Kudos to those who diligently work to save the Weimaraner from living situations that might be worse than death. This thought is a sad one, indeed. It is a less often reality because of those who love this breed. A Weimaraner placed on Craig’s List is all too often snatched up and soon cast off again. This cycle can lead to nothing good. Thank you, Rescue workers and individuals who look out for the displaced Weimarer to make sure they do not fall through the cracks. This work often cost you on every level, but you keep at, and the Weimaraner is made safer for your effort. This is no small matter. :O)
Many of you know that we recently discussed a 4.5-year-old Weimaraner that has a behavior the family cannot abide. He is not able to stay along–even in the crate, he is beyond anxious and acting out. Let us just say that the importance of doing the basics cannot be overstated. We belabor the topics again and again because we want to forego this as a trend. Even the occasional event is upsetting to us who cherish this breed. No, it is not unique to the Weimaraner; however, they may well be more at risk due to certain traits (in this case it is separation anxiety).
It always makes me so sad when someone talks about getting rid of their adult Weimaraner due to behavior issues. As a 40-year Weimaraner owner and all-breed dog trainer, I can tell you that most severe behavior issues (in any type of dog) could likely have been avoided or solved with the owner doing the right things. Being a kind, calm, confident leader, setting the house rules immediately, tons of fun socialization, and being pro-active in training, are all very important. To avoid or reduce separation anxiety, leave the puppy with trusted people and in trusted places often right from the start, to teach them everything is fine when you are not there- because dogs don’t have the same understanding of time that humans do, leaving a puppy with someone for only ten short minutes and then returning to get them is really helpful; don’t make a big deal out of coming or going, just act nonchalant and calm. We all have training challenges with our puppies and dogs, but it helps to see them as challenges and not problems- dogs are just being dogs, we as humans have the bigger brain and it is OUR responsibility to train them and teach them what is expected of them. LOVE our Weimars! Jan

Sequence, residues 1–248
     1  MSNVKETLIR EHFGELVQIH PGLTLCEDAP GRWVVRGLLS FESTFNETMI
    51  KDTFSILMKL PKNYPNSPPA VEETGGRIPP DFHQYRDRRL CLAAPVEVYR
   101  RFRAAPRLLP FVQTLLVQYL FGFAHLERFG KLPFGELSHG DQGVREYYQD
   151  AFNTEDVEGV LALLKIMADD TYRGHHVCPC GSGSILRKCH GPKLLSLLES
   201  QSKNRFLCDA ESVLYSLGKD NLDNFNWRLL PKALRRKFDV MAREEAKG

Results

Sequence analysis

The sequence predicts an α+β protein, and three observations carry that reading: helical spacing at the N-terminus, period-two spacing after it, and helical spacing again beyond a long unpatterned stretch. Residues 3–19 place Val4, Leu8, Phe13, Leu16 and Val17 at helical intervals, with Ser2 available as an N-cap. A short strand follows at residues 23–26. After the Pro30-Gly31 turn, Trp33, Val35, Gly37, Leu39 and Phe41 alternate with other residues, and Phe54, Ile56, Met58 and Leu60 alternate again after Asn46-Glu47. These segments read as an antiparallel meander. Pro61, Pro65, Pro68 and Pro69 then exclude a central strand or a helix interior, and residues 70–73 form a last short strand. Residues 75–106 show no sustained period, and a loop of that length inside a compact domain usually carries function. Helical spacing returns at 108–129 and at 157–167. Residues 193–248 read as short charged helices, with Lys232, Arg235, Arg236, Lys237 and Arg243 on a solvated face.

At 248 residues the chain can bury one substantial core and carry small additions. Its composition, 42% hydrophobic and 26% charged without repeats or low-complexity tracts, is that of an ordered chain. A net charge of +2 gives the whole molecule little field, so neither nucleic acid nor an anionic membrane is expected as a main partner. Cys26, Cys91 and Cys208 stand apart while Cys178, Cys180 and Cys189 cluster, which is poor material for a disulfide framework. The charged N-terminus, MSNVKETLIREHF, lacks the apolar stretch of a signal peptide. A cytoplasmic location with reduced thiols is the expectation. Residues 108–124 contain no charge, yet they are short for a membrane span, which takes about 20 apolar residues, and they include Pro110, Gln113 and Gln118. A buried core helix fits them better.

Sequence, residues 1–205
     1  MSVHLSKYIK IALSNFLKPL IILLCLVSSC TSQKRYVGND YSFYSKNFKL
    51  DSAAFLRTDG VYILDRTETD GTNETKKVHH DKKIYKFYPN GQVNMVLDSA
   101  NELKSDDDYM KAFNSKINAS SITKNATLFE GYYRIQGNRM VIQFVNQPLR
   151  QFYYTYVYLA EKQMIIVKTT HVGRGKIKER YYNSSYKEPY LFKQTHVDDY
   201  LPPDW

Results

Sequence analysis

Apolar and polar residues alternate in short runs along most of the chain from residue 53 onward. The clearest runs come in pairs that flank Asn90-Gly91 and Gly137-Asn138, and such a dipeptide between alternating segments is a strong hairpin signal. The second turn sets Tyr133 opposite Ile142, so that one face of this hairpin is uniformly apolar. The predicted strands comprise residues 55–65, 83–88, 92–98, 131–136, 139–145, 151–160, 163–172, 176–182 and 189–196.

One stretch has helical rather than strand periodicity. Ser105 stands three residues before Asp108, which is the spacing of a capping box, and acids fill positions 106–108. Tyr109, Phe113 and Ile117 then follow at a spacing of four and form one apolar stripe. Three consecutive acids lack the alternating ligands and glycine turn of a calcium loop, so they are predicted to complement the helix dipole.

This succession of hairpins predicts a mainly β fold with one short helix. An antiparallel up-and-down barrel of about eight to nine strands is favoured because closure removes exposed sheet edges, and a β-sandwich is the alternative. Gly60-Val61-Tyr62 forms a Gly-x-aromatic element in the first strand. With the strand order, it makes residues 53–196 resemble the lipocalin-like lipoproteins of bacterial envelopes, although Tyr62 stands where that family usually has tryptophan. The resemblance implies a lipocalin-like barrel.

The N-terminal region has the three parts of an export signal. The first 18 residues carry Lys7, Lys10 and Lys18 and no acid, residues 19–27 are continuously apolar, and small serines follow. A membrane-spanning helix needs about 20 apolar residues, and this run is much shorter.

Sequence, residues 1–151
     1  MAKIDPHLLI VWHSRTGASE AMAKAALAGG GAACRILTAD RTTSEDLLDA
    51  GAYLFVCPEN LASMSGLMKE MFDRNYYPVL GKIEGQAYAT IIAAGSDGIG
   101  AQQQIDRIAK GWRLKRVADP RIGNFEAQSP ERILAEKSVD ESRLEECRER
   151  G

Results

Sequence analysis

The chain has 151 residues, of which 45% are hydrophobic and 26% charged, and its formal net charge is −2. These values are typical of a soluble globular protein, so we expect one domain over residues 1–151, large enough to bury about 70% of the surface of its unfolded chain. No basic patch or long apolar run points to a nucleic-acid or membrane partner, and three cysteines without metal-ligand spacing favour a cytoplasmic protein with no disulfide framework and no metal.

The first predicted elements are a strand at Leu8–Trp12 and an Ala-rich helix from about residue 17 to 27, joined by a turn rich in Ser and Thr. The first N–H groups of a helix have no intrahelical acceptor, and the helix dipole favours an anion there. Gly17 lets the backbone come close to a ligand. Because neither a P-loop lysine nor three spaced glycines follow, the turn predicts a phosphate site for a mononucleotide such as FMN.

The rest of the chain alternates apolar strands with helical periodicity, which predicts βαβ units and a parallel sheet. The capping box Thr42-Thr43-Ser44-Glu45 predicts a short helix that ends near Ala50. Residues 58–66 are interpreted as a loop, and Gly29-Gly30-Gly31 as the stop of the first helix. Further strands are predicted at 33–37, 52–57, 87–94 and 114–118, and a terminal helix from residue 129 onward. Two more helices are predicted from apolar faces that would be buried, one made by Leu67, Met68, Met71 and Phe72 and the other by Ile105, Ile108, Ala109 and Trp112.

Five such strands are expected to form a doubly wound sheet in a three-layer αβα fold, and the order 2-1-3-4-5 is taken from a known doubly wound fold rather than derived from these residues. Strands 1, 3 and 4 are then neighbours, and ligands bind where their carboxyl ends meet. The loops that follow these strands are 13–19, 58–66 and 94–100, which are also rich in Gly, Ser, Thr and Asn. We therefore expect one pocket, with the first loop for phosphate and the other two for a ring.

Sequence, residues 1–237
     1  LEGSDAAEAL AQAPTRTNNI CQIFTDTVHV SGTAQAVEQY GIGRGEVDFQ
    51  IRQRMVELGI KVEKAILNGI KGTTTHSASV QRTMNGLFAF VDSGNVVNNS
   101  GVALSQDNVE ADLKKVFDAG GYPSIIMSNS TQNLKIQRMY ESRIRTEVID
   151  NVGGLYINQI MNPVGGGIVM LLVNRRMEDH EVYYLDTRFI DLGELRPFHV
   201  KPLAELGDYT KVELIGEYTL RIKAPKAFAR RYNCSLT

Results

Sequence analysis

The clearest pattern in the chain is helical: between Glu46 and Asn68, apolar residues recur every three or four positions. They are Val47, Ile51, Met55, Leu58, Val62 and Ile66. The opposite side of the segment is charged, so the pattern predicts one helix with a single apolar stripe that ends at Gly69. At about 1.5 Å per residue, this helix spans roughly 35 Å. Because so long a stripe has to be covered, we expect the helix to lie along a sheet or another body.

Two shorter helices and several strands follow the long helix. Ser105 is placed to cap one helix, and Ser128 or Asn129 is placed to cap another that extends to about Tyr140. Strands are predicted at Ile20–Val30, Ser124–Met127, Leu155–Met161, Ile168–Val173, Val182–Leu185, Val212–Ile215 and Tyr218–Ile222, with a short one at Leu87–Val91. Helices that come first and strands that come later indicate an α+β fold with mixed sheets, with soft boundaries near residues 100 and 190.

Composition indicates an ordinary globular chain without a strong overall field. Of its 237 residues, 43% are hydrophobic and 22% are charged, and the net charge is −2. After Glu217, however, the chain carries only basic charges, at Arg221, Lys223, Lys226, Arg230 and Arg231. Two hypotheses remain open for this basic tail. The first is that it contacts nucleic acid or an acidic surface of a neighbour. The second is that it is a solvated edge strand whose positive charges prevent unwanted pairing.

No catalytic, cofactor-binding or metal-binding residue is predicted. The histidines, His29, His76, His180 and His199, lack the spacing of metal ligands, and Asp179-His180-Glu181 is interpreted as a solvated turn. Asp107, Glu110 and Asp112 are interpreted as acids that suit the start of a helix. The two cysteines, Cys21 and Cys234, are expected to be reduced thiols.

Jan Magnuson is a Master Animal Control Officer at Des Moines (WA) Police Department and she also has her private dog training classes. Check her out at Sunstar All Breed Dog Training. As you might imagine, she sees a lot of this type of thing. We appreciate the fact that she works diligently to try to intervene and solve issues. She has resources and in addition, she teaches classes. This is an ideal way to get off to a good start. Jan shows her OwyheeStar and together they have earned titles as well as attained the status of Therapy Dog.
The 4.5-year-old Weimaraner will be coming to us soon. Eventually, we will have the assessment and more information after he settles into our routine. Once he is acclimated you find him by clicking here.
Quirks and Quandaries
Many years of working with the Weimaraner and people associated with the breed have taught us a few things. One to keep in mind is that even though you have had the breed before it doesn’t ensure smooth sailing. The twists and turns of getting them raised can take a sudden spin and normally this in direct response to human error. Very often, this associated issue develops when it appears you are doing everything right. It has always worked before; however, those with multiple children will tell you that even with the same parents (and DNA pool) no two are identical. Each must be considered for the person they are and what works for them. A stressor for one is of no concern to another. With that in mind, we saw this comment from an OwyheeStar Client. Here is their response to a blog posted last week.